A personal service given in a relaxed and friendly fashion.
Supreme Court Judgment rules in FCAs Test Case
- AuthorGraeme Weir
Supreme Court Judgment rules in favour of FCA's Business Interruption Insurance Test Case
The Supreme Court delivered its judgment in the FCA’s Business Interruption Insurance Test Case on 15 January 2021. This has been welcomed as a lifeline for small business, which will unlock claims for hundreds of thousands of firms worth an estimated £1.2 billion.
The insurance industry will consider the decision to be a catastrophic outcome, and one which may have significant consequences for future policies.
The FCA’s case sought clarity as to how business interruption insurance policies should treat policy holders as a consequence of the COVID19 interruptions in the last 12 months.
The insurers involved in the FCA test case included Hiscox Insurance Company Limited, Royal and Sun Alliance Insurance plc and Zurich Insurance plc.
At first instance in the High Court on 15 September 2020, a decision largely favoured the FCA’s interpretation of how business interruption policy should be addressed as valid claims. On appeal to the Supreme Court, it has substantially followed those findings and completes the legal process for all material policies.
In practical terms, this means that many thousands of policy holders will now have their claims for coronavirus related business interruption losses paid.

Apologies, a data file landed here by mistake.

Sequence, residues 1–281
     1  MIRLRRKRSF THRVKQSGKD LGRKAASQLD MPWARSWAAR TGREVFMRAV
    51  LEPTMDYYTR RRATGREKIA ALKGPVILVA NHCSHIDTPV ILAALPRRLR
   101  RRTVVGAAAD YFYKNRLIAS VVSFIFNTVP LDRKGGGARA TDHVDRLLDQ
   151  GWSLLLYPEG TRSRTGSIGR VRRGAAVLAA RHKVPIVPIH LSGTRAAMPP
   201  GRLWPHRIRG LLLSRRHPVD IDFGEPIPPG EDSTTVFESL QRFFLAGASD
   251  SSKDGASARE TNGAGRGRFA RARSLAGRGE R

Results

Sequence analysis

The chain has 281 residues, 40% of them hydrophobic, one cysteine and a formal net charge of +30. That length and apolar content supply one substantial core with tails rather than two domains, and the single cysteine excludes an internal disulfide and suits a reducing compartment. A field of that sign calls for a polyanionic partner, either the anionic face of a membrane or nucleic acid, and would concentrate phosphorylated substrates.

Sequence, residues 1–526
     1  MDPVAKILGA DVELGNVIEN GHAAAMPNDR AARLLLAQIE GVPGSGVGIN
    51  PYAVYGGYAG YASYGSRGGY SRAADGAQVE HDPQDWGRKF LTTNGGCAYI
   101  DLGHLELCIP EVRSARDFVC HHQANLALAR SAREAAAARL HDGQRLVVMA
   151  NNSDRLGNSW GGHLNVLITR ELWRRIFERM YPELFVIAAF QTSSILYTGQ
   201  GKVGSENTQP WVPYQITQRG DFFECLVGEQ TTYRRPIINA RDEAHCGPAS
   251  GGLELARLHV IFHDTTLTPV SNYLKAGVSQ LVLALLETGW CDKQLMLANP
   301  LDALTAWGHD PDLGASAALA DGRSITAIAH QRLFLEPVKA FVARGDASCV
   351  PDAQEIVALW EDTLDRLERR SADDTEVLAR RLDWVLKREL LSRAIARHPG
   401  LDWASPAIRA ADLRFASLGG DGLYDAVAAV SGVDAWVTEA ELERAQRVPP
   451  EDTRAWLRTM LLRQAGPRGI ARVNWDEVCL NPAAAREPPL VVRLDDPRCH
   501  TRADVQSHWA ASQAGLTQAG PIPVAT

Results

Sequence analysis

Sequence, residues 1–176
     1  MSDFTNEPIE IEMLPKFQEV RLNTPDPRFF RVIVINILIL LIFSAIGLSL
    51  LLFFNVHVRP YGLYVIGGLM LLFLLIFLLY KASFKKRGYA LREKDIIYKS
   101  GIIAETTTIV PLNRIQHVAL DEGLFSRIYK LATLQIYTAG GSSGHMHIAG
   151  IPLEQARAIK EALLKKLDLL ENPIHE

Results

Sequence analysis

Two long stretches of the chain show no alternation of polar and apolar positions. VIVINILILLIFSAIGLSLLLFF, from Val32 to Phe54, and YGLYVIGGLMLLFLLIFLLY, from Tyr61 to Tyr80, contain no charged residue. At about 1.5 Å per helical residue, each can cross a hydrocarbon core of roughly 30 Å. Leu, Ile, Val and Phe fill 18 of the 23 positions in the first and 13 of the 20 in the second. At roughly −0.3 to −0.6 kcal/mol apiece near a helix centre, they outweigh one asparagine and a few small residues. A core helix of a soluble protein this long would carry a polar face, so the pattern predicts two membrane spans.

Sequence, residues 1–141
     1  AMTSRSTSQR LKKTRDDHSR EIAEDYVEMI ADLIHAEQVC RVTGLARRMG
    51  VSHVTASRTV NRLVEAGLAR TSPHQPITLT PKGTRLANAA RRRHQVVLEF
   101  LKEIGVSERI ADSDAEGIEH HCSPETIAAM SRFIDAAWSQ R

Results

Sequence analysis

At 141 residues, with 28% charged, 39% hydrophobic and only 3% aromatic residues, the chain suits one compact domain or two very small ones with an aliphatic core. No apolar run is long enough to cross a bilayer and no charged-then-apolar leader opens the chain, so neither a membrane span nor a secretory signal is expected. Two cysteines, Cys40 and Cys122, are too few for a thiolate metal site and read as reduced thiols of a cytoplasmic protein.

Most SME policies are focused on property damage and only have some basic cover for business interruption, flowing from physical damage to that property. However, some policies also cover business interruption from other causes in particular infectious or notifiable diseases, or clauses in relation to access being prevented to the premises, or as a consequence of any public authority closures or restrictions.
The test case has therefore brought urgently required clarity to the key issues following a representative sample of 21 types of insurance policies, issued by 8 insurers being considered. It was identified that 370,000 policy holders held up to 700 types of policy, issued by a total of 60 insurers that may be affected by the outcome of the test case.
In general terms, we advise all clients with policies to contact their brokers and/or review their existing commercial policies of insurance to see whether they can benefit from the test case. It is however hoped, that policy holders with claims, can expect to hear from their insurers soon
In addition, you may wish to consider the FCA website (www.FCA.org.uk) as to any general questions you may have and guidance generally.
Pressure will be placed upon the insurers to process any material claims, including the payment of interim payments wherever possible.
Please do not hesitate to contact the Litigation Team at Kingsfords Solicitors via Daniel Crook (email@example.com), Thomas Browne (firstname.lastname@example.org) and Graeme Weir (email@example.com) to assist as to whether or not your business may be able to rely upon the test case and seek to secure a payment under your insurance policy.